During the summer I am at home a lot more. Because of that, I get to spend more time with my family. The other day I was reading nursery rhymes with my daughter. This one, in particular, caught my attention.

Little Ships

Little ships
Must keep the shore;
Larger ships
May venture more.

There’s not much to this nursery rhyme really. However, the thing that caught my attention is how closely this imitates life, both spiritually and physically.

My daughter is a young child. There isn’t much she does where my wife and I aren’t around. She has strict limits on everything from television time to where she goes outside. That is the way it should be! As she starts to mature and show responsibility our boundaries and limits for her will expand.

She will be allowed to venture out a little further from the shore.

Spiritually, it is much the same way. As one is nurturing a younger believer (age or experience) there is a tremendous opportunity to help him or her by spending quality time together. This is when you help solidify what is already occurring in their heart. This is also where you can offer guidance as their actions learn to align with what their heart is already experiencing.

As someone continues to mature you release them a bit at a time. Think about Jesus and his followers. They spent massive amounts of life together. When the time came he released them into the roles they were to fill.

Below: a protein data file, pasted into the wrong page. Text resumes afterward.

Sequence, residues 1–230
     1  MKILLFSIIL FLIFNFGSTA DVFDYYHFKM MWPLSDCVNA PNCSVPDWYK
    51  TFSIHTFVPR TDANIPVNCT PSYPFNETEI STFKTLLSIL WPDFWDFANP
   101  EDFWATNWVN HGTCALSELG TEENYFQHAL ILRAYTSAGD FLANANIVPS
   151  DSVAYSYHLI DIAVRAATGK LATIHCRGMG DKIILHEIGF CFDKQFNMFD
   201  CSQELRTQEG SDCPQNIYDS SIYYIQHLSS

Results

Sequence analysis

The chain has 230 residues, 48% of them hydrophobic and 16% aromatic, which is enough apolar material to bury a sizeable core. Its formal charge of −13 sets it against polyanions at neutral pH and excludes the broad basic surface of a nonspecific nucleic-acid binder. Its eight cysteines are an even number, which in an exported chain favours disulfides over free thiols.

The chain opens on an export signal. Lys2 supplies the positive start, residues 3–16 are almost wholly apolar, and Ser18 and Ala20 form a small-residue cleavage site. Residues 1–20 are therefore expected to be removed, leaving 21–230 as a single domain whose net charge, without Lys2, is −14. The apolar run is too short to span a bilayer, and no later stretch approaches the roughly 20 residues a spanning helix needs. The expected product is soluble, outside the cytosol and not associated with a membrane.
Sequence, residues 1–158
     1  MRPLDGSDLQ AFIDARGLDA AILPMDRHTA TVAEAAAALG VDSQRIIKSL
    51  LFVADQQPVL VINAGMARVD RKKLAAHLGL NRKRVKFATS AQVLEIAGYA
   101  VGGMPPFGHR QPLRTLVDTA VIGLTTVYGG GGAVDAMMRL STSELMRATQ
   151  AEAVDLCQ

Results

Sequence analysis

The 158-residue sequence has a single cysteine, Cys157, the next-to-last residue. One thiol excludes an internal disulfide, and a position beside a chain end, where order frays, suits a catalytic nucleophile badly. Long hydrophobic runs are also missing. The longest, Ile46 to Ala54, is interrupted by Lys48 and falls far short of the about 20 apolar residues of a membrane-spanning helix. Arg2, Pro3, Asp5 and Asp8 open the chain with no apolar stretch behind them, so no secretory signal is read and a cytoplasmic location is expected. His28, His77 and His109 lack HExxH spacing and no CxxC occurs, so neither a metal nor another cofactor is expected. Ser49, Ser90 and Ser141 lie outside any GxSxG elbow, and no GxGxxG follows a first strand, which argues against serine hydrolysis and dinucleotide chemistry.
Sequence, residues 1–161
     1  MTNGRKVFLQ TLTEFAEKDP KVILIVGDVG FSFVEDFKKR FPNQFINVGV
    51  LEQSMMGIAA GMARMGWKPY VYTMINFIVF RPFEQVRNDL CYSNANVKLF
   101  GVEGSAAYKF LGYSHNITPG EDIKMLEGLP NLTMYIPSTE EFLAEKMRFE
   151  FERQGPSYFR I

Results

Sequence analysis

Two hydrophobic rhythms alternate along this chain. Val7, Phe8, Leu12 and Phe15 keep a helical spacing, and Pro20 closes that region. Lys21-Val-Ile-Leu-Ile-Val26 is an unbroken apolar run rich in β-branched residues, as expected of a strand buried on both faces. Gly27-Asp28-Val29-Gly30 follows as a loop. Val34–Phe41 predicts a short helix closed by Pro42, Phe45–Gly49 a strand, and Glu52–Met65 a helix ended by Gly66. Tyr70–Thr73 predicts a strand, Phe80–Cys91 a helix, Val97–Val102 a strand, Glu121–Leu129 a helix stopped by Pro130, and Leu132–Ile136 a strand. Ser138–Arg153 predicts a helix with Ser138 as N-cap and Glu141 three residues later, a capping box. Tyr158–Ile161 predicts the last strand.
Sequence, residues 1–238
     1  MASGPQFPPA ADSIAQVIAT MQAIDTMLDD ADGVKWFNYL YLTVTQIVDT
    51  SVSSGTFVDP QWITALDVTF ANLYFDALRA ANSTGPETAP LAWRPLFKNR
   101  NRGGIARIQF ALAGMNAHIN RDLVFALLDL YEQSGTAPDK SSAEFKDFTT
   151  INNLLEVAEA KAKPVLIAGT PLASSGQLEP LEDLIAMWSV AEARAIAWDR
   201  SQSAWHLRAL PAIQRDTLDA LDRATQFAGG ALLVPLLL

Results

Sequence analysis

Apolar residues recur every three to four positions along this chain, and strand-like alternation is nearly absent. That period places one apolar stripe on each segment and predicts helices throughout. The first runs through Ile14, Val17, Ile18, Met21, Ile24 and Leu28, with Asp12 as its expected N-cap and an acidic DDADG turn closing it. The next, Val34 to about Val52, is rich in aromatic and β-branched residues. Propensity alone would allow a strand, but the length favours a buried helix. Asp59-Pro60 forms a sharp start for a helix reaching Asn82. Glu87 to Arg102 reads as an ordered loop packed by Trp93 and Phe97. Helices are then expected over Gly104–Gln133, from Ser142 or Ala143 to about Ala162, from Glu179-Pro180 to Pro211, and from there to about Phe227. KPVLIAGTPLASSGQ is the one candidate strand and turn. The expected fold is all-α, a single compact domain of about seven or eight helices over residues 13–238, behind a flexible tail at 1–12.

They ventured further from the shore with a course of travel in mind.

Isn’t that the way it should be?

Don’t ever forget, though, we (or they) are never alone. As parents, both spiritually and physically, we should always available to help, to encourage, to pray, to offer advice, to pick them up when they fall (they will), and to love them.

This whole nursery rhyme thing reminds me of something else that I read somewhere. I don’t know who said it or where I read it but it goes something like this…

I do, you watch
I do, you help
You do, I help
You do, I watch

This is the pattern of discipleship, whether spiritual or familial. If you’d like a good book to read on this let me suggest “The Master Plan of Evangelism” by Robert E. Coleman.

Even better than that… grab a partner, pull up anchor, and head out to sea!

“A wise old owl sat in an oak, the more he heard the less he spoke; the less he spoke the more he heard; why aren’t we all like that wise old bird?”

The more I think about it the more I like this Mother Goose nursery rhyme. The truth in it rings so true. How often do we talk too much and listen too little?

I’m reminded of the first part of Psalm 46:10, “Be still and know that I am God…” So many times when I’m talking to people I dominate the conversation and don’t really focus on what’s being said. When I pray I talk too much and listen too little.

I really notice it with the students at the school where I teach. They will be talking and I will constantly have to remind myself to focus on what they’re saying. I’m thinking about what I’m going to say before they are even done. Does that ever happen to you? The students tend to be the same way. In their youthful exuberance they also want to be heard. Each one of them are talking for attention. What if they, what if we, listened more and talked less?

This bird is definitely wise. However, his wisdom is not original. This timeless truth and many others can be found straight from the Bible, God’s own words to us. The book of Proverbs contains so many wise sayings to guide us in our journey. Read a Proverb a day, there are thirty-one, and watch God transform your life by His Word.

The wisdom of this wise old owl is available to everyone in the Bible.

Do I talk too much? Maybe. Every once in a while, though, I will stop and pray “Lord teach me to listen.”